Yet however post-modern the film may be, this is not at the expense of narrative, character and sheer creative chutzpah. Grannell never forgets that first and foremost his film should be fun. ALL ABOUT EVIL’s purpose is above all to entertain, and in this it is a roaring success, both as a fast-paced 80s-style slasher movie thrill-ride, and as a blackly comic parody, with the cast catching the tone perfectly. Natasha Lyonne’s star turn as Deborah is a cunning compendium of filmic femmes fatales, skilfully leaping from Mae West, to Bette Davis, to Joan Crawford (or perhaps Faye Dunaway’s nightmarish caricature thereof in MOMMIE DEAREST), to Queen of the New York Underground Lydia Lunch. The rest of the cast deliver equally well-judged turns. Cult character actor Jack Donner (you name it, he’s been in it!), exudes seedy, gleeful malice as Mr Twigs, and there is a magnificently witchy turn from the Amazonian Julie Caitlin Brown, as Deborah’s vile mother. Ironically, but altogether appropriately, it is the stars most associated with camp who are given the warmest, most sympathetic roles: Elvira, Mistress of the Dark herself, Cassandra Peterson, is effectively cast against type as Steven’s bemused but understanding mother, while John Waters regular Mink Stole brings unexpected humanity and pathos to the role of the elderly spinster chief librarian whose well-meant interference Deborah so resents.

The result is a riotous splatter-satire, which is not afraid to mix laugh-out-loud black comedy with some genuinely queasy moments of violence and gore. The casting nod to the “Pope of Trash” John Waters is entirely fitting. The film’s closest relative is probably Waters’ CECIL B. DEMENTED - another lament for everything that has been lost in this blanded-out world of pre-sold, pre-tested, corporate-sponsored, product-placement-stuffed multiplex fodder. Joshua Grinnell - or is it Peaches Christ? - offers us a chance to enter a world where the carnival barker antics of William Castle, and the blood-drenched excesses of H. G. Lewis, the cartoon bawdiness of Russ Meyer and the huckster genius of Roger Corman, are not forgotten. Where Cinema remains…magic!


Thursday, 12 August 2010

Noel's Review: Amer

Directed by Hélène Cattet and Bruno Forzani, Amer is a Belgian, French language movie that I've been lucky enough to see ahead of FrightFest. Going in, I was aware of suggestions that it owed much to the work of directors like Argento, Fulci and Bava and was something of a love letter to the giallo style of horror film making. Of course, this was enough to peak my interest, but I have to say that ultimately I was in no way prepared for what lay in store for me.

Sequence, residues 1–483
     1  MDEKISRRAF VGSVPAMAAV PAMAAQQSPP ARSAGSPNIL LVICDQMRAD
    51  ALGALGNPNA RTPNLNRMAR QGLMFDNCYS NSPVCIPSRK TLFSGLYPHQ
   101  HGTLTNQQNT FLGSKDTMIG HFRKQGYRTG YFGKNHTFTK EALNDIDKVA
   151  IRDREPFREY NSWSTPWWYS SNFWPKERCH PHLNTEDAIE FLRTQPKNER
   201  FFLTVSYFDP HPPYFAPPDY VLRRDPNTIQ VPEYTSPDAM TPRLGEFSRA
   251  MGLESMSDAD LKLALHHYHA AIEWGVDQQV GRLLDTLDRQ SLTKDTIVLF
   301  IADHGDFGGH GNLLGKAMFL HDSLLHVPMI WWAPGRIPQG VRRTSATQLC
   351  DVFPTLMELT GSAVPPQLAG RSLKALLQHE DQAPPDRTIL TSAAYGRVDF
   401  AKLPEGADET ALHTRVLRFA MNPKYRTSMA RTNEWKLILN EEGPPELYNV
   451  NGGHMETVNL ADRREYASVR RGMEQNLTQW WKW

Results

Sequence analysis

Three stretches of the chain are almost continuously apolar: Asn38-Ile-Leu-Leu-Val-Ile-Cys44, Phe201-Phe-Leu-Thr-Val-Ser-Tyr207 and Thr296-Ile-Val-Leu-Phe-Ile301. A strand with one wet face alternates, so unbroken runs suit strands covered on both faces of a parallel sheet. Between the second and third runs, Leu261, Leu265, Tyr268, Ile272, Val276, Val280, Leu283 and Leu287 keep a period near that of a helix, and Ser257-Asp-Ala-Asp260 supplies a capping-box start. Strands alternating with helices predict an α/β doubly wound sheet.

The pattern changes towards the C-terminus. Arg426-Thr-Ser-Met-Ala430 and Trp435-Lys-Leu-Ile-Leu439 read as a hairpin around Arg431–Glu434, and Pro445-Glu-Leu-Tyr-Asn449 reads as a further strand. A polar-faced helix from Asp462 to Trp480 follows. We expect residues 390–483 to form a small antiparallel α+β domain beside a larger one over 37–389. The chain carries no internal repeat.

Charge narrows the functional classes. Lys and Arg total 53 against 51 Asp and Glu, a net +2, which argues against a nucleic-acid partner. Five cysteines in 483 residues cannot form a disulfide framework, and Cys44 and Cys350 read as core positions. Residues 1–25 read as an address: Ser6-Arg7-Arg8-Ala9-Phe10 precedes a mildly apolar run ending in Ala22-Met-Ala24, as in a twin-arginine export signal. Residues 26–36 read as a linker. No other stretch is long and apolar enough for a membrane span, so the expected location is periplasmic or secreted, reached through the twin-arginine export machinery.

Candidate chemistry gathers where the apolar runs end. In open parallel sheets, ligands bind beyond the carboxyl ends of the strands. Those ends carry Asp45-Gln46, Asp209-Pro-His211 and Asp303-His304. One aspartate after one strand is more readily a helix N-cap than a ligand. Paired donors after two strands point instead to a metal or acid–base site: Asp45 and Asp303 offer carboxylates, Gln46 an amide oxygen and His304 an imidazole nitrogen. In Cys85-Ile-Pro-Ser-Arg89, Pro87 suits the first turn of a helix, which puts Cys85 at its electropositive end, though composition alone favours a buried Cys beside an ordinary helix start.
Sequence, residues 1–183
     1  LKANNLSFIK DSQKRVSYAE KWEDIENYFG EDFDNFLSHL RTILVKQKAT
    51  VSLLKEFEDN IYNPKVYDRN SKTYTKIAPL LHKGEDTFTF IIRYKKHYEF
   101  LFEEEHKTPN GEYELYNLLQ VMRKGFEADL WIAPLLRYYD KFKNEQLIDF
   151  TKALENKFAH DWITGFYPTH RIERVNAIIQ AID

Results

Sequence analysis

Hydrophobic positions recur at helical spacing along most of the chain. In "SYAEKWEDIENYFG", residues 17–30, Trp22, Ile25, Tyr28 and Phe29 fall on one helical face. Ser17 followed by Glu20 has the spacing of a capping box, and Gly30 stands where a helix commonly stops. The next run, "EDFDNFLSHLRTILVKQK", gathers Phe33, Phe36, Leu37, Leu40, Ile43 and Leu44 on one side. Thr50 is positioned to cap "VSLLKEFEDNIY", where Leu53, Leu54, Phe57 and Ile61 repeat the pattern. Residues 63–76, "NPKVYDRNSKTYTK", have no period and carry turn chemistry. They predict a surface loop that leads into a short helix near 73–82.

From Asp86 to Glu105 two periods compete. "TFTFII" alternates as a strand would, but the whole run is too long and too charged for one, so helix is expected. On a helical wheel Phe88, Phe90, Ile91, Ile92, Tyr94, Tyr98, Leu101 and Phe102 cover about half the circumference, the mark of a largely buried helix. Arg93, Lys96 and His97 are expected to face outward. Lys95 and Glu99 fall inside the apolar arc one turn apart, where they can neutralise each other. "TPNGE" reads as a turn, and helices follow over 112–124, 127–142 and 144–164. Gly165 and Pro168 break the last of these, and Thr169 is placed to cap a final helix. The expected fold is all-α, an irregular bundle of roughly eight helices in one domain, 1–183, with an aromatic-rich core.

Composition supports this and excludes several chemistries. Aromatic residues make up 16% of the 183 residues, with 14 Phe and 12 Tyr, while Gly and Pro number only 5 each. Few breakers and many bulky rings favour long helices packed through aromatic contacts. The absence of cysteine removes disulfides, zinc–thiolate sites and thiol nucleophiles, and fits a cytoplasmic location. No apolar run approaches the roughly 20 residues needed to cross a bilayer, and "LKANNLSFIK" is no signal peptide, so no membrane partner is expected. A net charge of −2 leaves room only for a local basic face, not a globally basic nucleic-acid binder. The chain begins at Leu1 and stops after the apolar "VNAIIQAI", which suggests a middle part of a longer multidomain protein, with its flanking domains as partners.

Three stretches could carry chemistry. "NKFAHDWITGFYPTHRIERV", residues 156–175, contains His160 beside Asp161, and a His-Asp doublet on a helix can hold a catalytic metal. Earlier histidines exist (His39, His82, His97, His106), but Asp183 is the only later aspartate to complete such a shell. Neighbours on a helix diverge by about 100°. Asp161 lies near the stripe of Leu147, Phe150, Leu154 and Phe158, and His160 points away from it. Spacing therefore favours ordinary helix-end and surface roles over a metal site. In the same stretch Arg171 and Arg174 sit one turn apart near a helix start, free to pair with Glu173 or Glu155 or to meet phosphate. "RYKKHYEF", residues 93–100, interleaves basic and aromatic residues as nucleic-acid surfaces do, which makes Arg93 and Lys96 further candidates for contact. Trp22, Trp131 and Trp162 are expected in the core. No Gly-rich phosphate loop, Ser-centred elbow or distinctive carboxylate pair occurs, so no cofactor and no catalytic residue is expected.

Without going in to too much detail on plot, what I can say is that Amer evolves over a very tight 90-minute, three act narrative. In its first section, which is arguably its most heavily inspired by Argento, we follow a young girl exploring the creaking hallways and rooms of her childhood home. As she wanders from one place to another, catching the tail-ends of her parents' conversations and hiding from her terrifying lace-clad grandmother, we're treated to some of the most compelling and engaging cinema I've seen in as long as I can remember. With a light dusting of Guillermo Del Toro, this thrilling exploration of childhood fear and confusion moves comfortably between outright creepiness and mind-bending surrealism.

For the second act, we rejoin our heroine - although this time she is in her teens and outside the confines of her large and imposing family home. However, this new freedom brings with it a level of burgeoning sexuality that regularly seems as if it might explode on the screen at any moment, but manages to be intermittently subdued by moments of tension and the intervening touch of her authoritative mother.

In its final third, we return the house that had such a presence in the film's first half hour, along with the giallo-esque aesthetics that made it so powerful. However, this is not before a beautiful and hazily-paced taxi ride in which the threat of overwhelming desire is ramped up to new heights for its lead, this time a fully-fledged woman in her sexual prime.

In its first five minutes, Amer had me absolutely gripped and I stayed that way for every remaining glorious 85. Sure, in parts it more than a little reminiscent of 1970s European horror, but this is by no means the only trick it has up its sleeve. As a piece of art, this is a film that is as visceral as any I've ever seen. It has a visual style that is surpassed only by its stunning sound design, making every breath, every gasp and every bead of sweat as tangible for the viewer as it is for the characters on screen.

Elegantly paced, infinitely watchable and by far one of the best films I've seen this year, Amer is a film I cannot recommend enough. While the plot will undoubtedly leave some scratching their heads, this is an exercise in arthouse cinema that is as sensually involving as anything else you are likely to see this year - possibly even longer.

- Noel Mellor, Web and Social Marketing Co-ordinator, GRIMM UP NORTH